Herbery Bayer’s “The Menstrual Cycle” Brochure


This Herbert Bayer piece is housed at the Smithsonian and was commissioned by Schering pharmaceutical company in 1938. This was during Bayer’s long design career in America, making graphics for a variety of big-name magazines and companies. Stylistically the most Bauhaus aspect of the piece is its minimal type. Bayer believed that image was the key vehicle to communicate to viewers with and advocated for using as little type as possible in his works. The imagery in his works was generally abstracted if not photography but in this case, a literal representation of the subject matter was created. Many of Bayer’s works like this one were done so literally to appease a client for who the general advertising material was made for.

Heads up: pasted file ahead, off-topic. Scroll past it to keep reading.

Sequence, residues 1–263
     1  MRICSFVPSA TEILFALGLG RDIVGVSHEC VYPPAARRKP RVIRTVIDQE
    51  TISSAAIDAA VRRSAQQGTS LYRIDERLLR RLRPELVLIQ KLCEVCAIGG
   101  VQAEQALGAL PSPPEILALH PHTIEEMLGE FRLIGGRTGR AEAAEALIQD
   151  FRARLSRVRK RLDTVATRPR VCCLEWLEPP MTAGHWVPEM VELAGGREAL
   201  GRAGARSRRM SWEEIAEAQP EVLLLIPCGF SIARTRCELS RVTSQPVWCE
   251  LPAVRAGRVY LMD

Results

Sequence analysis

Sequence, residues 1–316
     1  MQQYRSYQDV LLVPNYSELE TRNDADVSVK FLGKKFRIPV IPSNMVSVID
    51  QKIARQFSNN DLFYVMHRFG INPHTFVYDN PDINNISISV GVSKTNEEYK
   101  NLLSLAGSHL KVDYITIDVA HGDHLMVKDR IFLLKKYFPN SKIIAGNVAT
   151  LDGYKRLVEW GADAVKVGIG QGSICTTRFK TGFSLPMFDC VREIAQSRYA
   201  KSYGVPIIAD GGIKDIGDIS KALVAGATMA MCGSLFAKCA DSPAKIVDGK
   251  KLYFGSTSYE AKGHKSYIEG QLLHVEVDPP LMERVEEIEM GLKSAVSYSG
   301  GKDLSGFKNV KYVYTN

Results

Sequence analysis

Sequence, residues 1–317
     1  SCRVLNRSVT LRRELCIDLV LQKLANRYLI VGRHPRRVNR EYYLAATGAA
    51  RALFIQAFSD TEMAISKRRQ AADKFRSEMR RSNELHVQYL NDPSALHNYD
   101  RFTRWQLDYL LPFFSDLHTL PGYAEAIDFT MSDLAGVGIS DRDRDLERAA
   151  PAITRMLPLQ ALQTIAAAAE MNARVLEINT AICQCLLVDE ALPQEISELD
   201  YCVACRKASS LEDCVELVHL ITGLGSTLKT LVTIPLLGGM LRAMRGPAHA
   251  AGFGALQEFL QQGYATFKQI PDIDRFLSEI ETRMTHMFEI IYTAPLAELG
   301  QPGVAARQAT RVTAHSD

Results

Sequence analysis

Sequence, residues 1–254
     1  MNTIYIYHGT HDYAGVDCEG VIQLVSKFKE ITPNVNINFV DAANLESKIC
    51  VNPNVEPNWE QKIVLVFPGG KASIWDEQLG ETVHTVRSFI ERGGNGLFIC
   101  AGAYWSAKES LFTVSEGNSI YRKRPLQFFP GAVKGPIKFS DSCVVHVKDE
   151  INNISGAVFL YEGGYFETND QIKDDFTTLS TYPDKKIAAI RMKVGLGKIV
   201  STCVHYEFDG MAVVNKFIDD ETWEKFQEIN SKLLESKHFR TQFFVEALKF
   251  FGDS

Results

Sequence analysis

Bayer was an avid painter and many works like this one were done in gouache and then made into lithographic prints. This print was used as a brochure to advertise a hormone-based drug to treat period irregularity. He designed the illustration to represent a lunar orbit with a black background and moon symbols. This is a comparison of a woman’s menstrual cycle to the lunar cycle implying how natural the product is. The lines protruding from the middle of the uterus count out the 28 days of the menstrual cycle, stages of it illustrated as organic forms around the uterus. The inside of the booklet retains the Bauhaus minimalist style and the gradual color to imply a timeline. The brief text and iconography of arrows give the reader clear information in a concise manner.